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miles-high

Tuition warning! ;)

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miles-high

Found this in my mailbox…

 

Scan2.jpg

 

It seems the elementary/high school tuition is probably too expensive for the average Filipinos… This school seems to be twice as expensive as Ateneo elementary/high school. The tuition for the Ateneo Law School is about the same as this school…

 

People say things are cheaper in the Philippines but that is only true if you are retiring in the Philippines… But if you had school age kids and if you want to give them good education, the cost would become in some cases prohibitive…

 

To be a successful lawyer (one of those who are making a few million pesos or more a year), you would probably need to start from the Ateneo preschool toddler (or similar) program starting from age 2 all the way to Ateneo Law School (it is a 4-year program in the Philippines), you would have to pay average of PHP350,000 a year for, well, 23 years! That is about PHP8,050,000! (Plus you probably need to pay for a nanny and a driver… for 23 years.)

 

Any way, it seems good education is expensive in the Philippines… If I had kids, I am not sure if I would stay here… :D

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Headshot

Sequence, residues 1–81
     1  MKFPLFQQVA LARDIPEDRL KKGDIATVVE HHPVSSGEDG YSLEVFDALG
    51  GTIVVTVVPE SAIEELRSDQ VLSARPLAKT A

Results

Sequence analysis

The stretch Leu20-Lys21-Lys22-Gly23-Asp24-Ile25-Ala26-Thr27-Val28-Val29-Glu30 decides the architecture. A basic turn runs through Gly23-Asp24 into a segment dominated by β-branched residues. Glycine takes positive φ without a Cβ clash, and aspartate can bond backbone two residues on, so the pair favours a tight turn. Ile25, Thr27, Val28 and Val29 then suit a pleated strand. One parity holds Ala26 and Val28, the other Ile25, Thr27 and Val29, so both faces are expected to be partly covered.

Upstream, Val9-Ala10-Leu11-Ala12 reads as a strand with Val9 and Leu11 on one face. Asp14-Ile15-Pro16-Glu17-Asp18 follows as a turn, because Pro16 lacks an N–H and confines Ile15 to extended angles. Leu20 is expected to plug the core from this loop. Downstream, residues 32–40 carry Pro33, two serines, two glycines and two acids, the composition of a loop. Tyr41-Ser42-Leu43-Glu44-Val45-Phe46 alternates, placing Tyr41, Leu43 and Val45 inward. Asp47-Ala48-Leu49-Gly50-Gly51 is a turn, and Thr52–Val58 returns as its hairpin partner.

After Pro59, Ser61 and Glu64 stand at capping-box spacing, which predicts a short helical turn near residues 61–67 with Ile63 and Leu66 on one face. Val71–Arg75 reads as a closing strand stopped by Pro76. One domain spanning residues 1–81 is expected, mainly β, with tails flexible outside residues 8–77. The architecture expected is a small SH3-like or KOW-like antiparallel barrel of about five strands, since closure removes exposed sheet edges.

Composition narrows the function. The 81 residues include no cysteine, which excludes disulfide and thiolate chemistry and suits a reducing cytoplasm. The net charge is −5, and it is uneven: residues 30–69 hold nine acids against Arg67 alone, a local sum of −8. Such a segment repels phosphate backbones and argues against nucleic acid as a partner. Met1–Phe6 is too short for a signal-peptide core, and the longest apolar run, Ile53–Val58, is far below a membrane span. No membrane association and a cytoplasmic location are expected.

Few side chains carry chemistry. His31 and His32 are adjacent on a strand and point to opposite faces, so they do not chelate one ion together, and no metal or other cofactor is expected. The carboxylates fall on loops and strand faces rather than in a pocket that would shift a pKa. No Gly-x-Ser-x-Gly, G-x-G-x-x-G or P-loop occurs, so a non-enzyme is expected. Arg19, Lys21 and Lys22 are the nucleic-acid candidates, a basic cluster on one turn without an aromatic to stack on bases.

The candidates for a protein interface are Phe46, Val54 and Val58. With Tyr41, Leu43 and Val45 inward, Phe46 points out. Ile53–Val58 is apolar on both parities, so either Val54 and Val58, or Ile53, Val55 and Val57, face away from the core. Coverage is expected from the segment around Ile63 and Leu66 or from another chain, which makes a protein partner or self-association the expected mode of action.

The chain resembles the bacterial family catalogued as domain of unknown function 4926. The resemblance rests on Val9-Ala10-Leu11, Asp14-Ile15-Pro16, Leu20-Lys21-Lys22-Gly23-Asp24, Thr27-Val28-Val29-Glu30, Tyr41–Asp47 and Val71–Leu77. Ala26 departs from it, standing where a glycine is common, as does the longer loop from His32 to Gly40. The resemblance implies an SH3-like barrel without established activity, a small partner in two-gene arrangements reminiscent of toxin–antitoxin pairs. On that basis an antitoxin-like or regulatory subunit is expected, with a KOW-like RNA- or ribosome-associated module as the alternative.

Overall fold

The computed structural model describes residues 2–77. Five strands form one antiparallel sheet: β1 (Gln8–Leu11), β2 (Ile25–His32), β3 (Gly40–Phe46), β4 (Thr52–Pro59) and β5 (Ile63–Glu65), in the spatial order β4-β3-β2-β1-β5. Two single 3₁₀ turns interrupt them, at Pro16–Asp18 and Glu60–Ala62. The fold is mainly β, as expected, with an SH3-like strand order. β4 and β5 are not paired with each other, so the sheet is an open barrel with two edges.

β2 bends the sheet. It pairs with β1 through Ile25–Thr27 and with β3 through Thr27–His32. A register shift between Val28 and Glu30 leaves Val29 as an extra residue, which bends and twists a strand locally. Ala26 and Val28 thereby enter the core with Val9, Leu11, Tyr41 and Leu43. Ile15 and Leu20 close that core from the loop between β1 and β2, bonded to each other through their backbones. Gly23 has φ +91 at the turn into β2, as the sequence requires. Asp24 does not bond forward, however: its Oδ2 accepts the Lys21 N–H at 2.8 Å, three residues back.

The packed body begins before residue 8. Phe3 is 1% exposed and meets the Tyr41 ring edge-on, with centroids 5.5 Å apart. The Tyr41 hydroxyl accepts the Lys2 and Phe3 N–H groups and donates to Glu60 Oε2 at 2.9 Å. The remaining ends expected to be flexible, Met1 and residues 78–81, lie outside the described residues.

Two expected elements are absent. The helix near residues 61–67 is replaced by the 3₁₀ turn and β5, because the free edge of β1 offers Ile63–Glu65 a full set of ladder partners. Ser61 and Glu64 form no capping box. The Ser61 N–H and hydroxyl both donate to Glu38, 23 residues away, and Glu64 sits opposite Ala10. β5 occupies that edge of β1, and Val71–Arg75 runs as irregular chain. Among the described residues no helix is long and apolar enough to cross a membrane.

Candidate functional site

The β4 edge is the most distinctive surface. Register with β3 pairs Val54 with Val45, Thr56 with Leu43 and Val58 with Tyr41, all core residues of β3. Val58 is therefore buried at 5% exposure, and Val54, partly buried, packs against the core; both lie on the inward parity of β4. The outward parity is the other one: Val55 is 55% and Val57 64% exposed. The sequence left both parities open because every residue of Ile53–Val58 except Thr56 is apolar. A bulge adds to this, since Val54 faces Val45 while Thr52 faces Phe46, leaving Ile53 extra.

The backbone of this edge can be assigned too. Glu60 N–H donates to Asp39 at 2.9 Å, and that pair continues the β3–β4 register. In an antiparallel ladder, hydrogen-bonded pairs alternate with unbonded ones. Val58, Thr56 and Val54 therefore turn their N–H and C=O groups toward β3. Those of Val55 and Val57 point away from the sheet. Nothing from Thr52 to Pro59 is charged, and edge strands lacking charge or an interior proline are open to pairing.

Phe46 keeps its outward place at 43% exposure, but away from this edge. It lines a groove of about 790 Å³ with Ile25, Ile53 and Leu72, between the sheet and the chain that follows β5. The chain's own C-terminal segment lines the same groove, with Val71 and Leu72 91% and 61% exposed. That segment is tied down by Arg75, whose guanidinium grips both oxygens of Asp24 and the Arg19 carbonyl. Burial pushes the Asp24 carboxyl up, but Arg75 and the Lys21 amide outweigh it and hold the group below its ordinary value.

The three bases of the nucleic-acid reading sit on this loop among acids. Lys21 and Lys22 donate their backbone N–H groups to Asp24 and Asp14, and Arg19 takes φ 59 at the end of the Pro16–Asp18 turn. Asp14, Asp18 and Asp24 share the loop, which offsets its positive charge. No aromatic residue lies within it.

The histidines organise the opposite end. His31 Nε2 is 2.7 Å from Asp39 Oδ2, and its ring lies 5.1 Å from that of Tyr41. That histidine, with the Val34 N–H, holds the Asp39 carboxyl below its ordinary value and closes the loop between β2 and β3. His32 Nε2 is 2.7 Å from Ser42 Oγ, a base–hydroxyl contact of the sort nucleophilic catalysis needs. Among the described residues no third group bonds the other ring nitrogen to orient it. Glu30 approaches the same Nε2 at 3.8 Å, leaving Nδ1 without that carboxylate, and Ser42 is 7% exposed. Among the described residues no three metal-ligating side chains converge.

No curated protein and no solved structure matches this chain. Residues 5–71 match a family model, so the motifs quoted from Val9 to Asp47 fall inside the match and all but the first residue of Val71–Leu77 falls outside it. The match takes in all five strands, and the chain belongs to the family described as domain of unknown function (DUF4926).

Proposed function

It seems the elementary/high school tuition is probably too expensive for the average Filipinos… This school seems to be twice as expensive as Ateneo elementary/high school. The tuition for the Ateneo Law School is about the same as this school…

 

Average Filipinos don't send their children to international schools. Even average foreigners in the Philippines don't send their children to international schools either. What is really interesting is that this school only goes up to 8th grade. What in the world are you going to do with that?

 

Any way, it seems good education is expensive in the Philippines… If I had kids, I am not sure if I would stay here… :D

 

I finally came to the same conclusion...but not just for the monetary reasons. However, even though we have made the decision to move to the US, we will stay here for nursery school and kindergarten for our daughter. I figured that between us and the school, she will still be way ahead of the pack when she enters the first grade in the US. At the very least, going to school here will ensure that she is well-socialized before first grade. She has already shown herself to be extremely smart academically (even before she starts nursery school).